Over the past few years, “low level exposure” issues have loomed larger these days in both the US and the UK.  A then-current summary overview for the UK  is set out in an August 19, 2015 article from Hill Dickinson.

Much more recently,  the following headline popped up after a trial court ruling in a mesothelioma cases: “The insurance industry is on alert following the High Court ruling in Hawkes v Warmex Ltd [2018] EWHC 205 (QB).”  That’s the overall message provided in a 22 February 2018 online article from CMS Cameron. The Warmex opinion is online here. The following finding (albeit dicta) regarding  “low level exposure” to asbestos provoked the concern,  as explained by CMS Cameron:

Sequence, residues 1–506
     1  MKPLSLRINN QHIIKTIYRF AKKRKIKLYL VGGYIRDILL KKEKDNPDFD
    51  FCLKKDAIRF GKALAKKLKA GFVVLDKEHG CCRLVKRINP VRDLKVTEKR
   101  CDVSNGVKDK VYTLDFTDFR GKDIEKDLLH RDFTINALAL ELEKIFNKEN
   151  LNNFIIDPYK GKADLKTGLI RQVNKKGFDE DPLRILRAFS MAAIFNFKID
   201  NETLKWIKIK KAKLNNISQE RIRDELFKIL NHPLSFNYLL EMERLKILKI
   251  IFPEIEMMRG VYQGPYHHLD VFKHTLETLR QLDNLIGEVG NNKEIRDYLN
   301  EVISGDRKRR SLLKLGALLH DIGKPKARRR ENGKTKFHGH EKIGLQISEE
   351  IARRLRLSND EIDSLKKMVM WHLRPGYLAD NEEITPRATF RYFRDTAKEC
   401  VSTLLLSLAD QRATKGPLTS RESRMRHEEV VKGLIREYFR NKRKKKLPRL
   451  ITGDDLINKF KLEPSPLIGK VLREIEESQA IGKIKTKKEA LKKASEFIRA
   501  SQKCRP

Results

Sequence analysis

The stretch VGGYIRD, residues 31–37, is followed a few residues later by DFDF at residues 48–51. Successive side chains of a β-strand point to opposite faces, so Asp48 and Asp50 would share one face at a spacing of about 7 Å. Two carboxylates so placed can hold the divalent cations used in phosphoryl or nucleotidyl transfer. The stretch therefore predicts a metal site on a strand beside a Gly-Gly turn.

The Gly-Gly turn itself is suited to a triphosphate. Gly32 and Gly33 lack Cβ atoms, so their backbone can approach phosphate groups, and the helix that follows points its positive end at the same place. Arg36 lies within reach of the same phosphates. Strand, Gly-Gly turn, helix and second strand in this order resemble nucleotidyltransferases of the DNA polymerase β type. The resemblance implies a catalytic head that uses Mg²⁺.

“Most importantly, dealing with the ‘first limb’ of s.47, the judge accepted the formula laid down in Jeromson v Shell Tankers [2001] EWCA Civ 101, whilst strictly confining Williams v The University of Birmingham [2011] EWCA Civ 1242 to its context. He held that in determining breach of duty, the question is whether asbestos-related injury is foreseeable, rather than mesothelioma itself. He found that by 1946 to 1952, asbestos-related injury was a reasonably foreseeable consequence of exposure to asbestos dust even at low levels, and if the lining had been proved to contain asbestos, the defendant would have been in breach of its common law duty and s.47 of the Factories Act 1937.”